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Jose Cruz Gonzalez

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ENTERTAINMENT
October 12, 2012 | By Mike Boehm
South Coast Repertory is the first of seven Southern California arts organizations to detail its plans for its share of $3.65 million in grants that the James Irvine Foundation issued this month in hopes of prodding arts groups to go to the people rather than waiting for the people to come to them. The San Francisco-based foundation is a leading force in the funding of California nonprofit arts groups, funneling more than $16.5 million to them annually. It recently tweaked its grant-making strategy to encourage new approaches.
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ENTERTAINMENT
October 12, 2012 | By Mike Boehm
South Coast Repertory is the first of seven Southern California arts organizations to detail its plans for its share of $3.65 million in grants that the James Irvine Foundation issued this month in hopes of prodding arts groups to go to the people rather than waiting for the people to come to them. The San Francisco-based foundation is a leading force in the funding of California nonprofit arts groups, funneling more than $16.5 million to them annually. It recently tweaked its grant-making strategy to encourage new approaches.
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ENTERTAINMENT
November 27, 2001 | LYNNE HEFFLEY, TIMES STAFF WRITER
In 1992, South Coast Repertory's sincere youth production of Jose Cruz Gonzalez's new seasonal play, "Marisol's Christmas," achieved surprising depth to deliver a heartfelt, universal message of a loving family's struggle to stay together and reach for the American Dream. That message doesn't reach as deeply at the Falcon Theatre.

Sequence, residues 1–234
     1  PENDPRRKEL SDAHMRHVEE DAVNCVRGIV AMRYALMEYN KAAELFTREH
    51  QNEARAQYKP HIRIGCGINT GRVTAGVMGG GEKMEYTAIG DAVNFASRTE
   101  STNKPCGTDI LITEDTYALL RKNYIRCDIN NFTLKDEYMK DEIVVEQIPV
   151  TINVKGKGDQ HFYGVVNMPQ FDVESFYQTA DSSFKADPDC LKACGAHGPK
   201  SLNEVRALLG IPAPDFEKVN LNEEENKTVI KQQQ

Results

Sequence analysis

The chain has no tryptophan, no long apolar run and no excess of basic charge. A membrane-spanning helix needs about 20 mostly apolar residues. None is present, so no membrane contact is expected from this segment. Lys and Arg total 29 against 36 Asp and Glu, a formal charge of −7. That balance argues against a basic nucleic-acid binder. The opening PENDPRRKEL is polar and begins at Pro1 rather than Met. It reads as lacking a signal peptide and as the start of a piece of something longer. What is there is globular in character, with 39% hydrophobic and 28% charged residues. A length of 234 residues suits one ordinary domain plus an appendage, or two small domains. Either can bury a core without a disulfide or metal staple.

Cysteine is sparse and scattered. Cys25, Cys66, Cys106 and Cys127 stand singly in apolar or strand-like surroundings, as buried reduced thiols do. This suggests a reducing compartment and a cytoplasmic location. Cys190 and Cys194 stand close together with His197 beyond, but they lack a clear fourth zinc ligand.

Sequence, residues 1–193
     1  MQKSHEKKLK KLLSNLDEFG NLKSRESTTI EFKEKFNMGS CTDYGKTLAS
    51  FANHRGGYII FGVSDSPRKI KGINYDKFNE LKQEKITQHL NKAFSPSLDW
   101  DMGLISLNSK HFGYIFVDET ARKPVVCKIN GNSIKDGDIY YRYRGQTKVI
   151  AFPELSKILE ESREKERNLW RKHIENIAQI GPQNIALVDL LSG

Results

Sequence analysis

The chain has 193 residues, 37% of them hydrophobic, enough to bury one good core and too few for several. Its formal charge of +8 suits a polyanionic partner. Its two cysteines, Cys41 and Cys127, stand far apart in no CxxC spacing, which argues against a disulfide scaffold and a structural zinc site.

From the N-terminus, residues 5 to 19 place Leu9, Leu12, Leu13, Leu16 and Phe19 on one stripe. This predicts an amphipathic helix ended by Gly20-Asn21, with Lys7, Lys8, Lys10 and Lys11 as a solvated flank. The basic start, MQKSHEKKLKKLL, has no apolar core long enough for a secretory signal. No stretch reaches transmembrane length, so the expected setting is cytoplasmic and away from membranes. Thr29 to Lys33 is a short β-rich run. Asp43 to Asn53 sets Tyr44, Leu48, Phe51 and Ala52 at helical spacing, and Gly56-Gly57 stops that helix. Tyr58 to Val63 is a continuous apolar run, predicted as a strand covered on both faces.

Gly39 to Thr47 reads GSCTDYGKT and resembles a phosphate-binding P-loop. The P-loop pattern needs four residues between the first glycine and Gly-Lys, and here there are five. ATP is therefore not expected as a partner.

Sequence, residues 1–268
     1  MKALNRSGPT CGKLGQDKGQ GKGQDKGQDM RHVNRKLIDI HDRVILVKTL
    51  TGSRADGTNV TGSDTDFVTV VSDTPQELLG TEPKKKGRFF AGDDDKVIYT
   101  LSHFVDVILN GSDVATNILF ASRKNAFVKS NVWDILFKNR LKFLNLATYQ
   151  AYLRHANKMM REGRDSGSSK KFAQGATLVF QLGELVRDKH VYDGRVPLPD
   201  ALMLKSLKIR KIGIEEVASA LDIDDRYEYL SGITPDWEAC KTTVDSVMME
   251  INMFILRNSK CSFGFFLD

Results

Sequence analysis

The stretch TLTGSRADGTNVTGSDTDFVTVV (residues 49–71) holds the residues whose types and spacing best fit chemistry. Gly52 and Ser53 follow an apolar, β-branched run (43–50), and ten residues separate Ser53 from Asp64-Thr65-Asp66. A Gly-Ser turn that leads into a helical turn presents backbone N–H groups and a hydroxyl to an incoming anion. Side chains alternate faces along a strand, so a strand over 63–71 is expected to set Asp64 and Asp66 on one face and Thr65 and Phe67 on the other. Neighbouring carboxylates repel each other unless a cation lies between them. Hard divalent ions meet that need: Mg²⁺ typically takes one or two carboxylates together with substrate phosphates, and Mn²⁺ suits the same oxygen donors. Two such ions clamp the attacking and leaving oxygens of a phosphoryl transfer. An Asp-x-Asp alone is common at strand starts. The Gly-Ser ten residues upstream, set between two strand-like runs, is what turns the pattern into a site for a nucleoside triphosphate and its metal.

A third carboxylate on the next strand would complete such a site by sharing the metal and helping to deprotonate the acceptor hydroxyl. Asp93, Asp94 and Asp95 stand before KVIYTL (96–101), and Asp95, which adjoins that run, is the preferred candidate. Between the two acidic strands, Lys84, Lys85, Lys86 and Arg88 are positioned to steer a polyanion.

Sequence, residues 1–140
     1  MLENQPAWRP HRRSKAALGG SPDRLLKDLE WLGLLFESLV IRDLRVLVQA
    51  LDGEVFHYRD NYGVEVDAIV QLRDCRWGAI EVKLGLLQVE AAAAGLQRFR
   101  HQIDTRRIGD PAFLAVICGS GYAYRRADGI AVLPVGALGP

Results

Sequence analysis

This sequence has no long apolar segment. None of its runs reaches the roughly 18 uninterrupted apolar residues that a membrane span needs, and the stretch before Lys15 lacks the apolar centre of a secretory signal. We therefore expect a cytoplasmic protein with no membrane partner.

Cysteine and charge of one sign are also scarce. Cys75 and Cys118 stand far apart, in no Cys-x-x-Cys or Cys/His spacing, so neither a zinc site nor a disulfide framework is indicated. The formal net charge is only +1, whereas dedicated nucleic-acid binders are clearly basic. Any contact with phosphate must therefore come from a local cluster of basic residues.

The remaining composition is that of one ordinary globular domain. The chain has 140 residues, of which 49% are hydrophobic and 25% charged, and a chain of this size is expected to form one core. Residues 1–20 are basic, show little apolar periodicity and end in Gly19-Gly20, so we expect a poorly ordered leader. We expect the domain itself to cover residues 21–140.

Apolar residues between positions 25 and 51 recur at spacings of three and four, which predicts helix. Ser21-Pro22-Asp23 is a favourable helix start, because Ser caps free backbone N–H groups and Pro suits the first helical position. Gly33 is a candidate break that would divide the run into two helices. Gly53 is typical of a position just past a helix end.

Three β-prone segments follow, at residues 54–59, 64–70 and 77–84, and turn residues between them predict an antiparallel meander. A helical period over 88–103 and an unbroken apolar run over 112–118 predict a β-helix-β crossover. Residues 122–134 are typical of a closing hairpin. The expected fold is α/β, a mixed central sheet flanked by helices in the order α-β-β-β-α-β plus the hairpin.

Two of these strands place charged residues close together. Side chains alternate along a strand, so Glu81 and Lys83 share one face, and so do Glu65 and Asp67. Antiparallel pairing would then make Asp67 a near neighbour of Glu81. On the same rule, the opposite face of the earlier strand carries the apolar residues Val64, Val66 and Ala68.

ENTERTAINMENT
November 27, 2001 | LYNNE HEFFLEY, TIMES STAFF WRITER
In 1992, South Coast Repertory's sincere youth production of Jose Cruz Gonzalez's new seasonal play, "Marisol's Christmas," achieved surprising depth to deliver a heartfelt, universal message of a loving family's struggle to stay together and reach for the American Dream. That message doesn't reach as deeply at the Falcon Theatre.
ENTERTAINMENT
November 25, 2001 | IRENE LACHER, Irene Lacher is an occasional contributor to Calendar
In the mind of Jose Cruz Gonzalez, comets wear roller skates, suitcases hold butterflies and men levitate to the sky after making love to a woman who cannot love them in return. In the plays of Gonzalez, those wonders actually take place before your eyes. Well, perhaps not actually, but, then, that's where the art of theater shows its hand. "If you find the right collaborators," says the soft-spoken Gonzalez, "anything is possible."
ENTERTAINMENT
July 21, 1996 | Jan Herman, Jan Herman is a Times staff writer
Jose Cruz Gonzalez, a Mexican American, has been crossing borders all his life. "I always feel like I'm on one side of the fence or the other," he says, "or I'm on the fence about to cross over." The soft-spoken writer-director--looking earnest yet casual in wire-frame glasses, jeans and a collarless shirt--was sitting on an office sofa at South Coast Repertory in Costa Mesa, talking about his upcoming departure from the nationally recognized Latino play-development program he founded here.
ENTERTAINMENT
November 12, 1988 | JAN HERMAN